A Wisconsin court issued an injunction on Dec. 3 which prohibits a father of nine from having any more children until he demonstrates that he can support the ones he already has. The man owes close to $100,000 in unpaid child support and interest.
Associated Press reports that a similar probation condition was issued in Wisconsin in 2001, prompting a series of unsuccessful appeals. Because the injunction is temporary and dissolves when child support payments resume, the Wisconsin Supreme Court held that it does not violate the due process clause of the Fourteenth Amendment – which implicitly includes the substantive right to procreate – or the Eighth Amendment safeguard against cruel and unusual punishments.
The judge who issued the most recent ruling, however, openly lamented the fact that he did not have the authority to order sterilization. The judge cited “common sense” in declaring that an individual who cannot support children should not have them. An injunction prohibiting procreation was not part of the pre-sentencing investigation guidelines submitted by the state.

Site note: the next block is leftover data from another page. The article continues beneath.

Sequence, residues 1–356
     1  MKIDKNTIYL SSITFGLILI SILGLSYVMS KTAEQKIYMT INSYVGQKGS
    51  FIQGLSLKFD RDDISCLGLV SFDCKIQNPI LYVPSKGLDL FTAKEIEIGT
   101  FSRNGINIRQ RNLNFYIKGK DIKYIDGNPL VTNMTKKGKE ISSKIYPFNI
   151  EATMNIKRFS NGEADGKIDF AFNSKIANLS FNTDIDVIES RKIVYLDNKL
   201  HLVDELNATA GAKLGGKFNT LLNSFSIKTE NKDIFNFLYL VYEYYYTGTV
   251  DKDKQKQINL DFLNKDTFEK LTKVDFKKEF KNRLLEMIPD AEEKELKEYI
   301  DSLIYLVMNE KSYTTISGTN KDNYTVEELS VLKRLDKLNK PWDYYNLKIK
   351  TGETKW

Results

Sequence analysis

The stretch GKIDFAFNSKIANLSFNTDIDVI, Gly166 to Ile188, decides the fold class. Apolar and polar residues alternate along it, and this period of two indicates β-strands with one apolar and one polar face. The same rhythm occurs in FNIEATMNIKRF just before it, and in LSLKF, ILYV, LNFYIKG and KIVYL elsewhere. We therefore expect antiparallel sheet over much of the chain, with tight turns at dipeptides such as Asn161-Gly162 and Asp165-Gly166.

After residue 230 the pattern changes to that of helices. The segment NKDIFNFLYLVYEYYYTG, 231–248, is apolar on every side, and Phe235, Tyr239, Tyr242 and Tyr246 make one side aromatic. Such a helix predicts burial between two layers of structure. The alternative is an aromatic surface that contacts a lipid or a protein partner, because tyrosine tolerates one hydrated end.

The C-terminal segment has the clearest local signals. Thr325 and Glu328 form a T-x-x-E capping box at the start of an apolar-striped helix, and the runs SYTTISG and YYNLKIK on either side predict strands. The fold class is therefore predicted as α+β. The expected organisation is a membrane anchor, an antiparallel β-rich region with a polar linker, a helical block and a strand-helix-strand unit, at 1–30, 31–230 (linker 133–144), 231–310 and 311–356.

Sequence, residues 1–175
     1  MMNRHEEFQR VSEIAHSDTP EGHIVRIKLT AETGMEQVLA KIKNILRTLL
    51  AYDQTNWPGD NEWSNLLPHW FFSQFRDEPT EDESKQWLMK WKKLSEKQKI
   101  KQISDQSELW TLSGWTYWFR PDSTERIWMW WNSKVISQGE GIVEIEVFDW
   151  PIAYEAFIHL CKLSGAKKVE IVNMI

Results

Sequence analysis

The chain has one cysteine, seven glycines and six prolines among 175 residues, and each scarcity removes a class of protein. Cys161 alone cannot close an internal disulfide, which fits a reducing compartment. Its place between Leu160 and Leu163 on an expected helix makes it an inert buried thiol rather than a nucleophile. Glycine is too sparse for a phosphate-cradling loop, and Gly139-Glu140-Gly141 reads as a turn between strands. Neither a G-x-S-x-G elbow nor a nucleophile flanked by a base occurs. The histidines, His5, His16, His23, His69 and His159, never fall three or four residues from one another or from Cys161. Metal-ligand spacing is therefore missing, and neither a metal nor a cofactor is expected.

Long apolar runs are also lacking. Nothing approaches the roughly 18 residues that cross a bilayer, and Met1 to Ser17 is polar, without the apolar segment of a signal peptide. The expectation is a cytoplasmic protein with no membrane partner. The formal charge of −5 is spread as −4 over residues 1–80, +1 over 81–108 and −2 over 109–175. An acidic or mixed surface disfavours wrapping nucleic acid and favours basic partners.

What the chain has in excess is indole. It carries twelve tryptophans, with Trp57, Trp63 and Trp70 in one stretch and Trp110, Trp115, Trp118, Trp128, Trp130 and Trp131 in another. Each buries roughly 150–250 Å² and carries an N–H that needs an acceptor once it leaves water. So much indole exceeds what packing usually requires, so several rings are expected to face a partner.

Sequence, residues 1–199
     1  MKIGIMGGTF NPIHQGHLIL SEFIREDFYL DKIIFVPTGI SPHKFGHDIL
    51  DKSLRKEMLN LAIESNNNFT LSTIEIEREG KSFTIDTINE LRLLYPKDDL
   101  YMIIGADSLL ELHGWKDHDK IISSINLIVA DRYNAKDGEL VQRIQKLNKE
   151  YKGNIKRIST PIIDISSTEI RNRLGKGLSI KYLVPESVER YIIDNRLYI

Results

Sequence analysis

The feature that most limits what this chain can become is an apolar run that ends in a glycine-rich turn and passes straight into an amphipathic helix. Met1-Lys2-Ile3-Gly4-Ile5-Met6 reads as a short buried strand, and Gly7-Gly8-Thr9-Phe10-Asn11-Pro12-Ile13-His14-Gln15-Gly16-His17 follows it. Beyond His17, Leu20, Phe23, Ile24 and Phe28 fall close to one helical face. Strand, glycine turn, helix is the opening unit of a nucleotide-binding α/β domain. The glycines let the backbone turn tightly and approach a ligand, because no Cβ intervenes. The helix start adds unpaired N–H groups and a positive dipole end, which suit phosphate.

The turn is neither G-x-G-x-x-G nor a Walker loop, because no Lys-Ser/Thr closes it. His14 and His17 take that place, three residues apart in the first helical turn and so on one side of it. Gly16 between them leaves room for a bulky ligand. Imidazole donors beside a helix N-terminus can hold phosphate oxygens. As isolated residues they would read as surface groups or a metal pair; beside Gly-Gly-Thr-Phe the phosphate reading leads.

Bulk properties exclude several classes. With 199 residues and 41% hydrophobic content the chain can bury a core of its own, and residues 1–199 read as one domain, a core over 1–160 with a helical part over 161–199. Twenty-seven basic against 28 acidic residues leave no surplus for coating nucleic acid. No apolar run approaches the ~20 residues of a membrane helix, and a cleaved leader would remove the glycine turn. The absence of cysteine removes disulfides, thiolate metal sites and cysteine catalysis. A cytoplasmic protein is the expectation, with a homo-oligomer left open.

The punishment for violating a probation condition which restricts procreation is unclear beyond typical sanctions for violating a court order. Although sterilization is unlikely, as evidenced by Judge Boyle’s comments, any punishment imposed for procreation treads on thin constitutional ice in spite of the undisputed importance of making timely child support payments.
If nothing else, this case illustrates the high stakes whenever family and criminal law intersect – that which appears to be a simple probationary hearing for failure to pay child support can evolve into a complex analysis of state and federal law. If judges continue to issue sentences like the one in Wisconsin, it may not be long before an appeal is carried all the way to the U.S. Supreme Court.
If you are involved in any family or related criminal law case – including divorce, child support or custody matters, or any form of hearing involving Child Protective Services – do not attempt to move forward without consulting an attorney. Your rights are best protected when you have the aid of qualified counsel as early in the process as possible.